Submitted on Wednesday, 9/18/2019, at 11:36 AM

For a piece on the possibly dwindling political fortunes of Argentina President Mauricio Macri, a reformer who faces possible defeat in October to the Peronist populists who ruled between 2003 and 2015, Bloomberg News spoke with Javier Corrales, Dwight W. Morrow 1895 professor of Political Science at Amherst about the appeal of populism in Latin America

Populism is “the perfect salt, sugar, fat combination” of modern Latin American democracies, Corrales told the news service: “Serve up a sugary concoction of slogans (the 21st Century revolution), bulk it up with endless tweets and regulations to create ‘policy density’ (the fat), and then tweak (salt) the mix with an exciting stream of insults and ad hominem attacks on enemies, all to create a political ‘bliss point’ blended to keep the faithful hooked and populists in power,” Bloomberg paraphrased.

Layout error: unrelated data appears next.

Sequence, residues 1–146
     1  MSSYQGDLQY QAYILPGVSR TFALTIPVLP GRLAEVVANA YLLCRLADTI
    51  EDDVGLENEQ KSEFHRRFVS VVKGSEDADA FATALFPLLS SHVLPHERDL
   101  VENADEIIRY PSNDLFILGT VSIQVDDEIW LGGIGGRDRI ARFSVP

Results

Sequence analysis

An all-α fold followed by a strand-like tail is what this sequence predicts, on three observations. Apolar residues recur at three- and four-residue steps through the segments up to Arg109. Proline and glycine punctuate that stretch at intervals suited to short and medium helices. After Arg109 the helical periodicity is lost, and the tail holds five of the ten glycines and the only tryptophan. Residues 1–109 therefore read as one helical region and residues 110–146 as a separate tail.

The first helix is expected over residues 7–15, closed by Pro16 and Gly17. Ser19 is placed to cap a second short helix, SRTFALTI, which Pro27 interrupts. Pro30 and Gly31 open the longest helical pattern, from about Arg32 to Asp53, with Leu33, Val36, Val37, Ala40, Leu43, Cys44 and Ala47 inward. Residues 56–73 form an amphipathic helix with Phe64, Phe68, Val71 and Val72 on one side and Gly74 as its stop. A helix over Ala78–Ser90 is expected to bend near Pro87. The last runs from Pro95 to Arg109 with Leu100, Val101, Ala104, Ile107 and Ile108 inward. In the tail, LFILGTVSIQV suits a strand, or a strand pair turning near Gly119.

Still, by aggravating polarization, populism’s excesses create a backlash, or “allergic reaction,” as Corrales put it.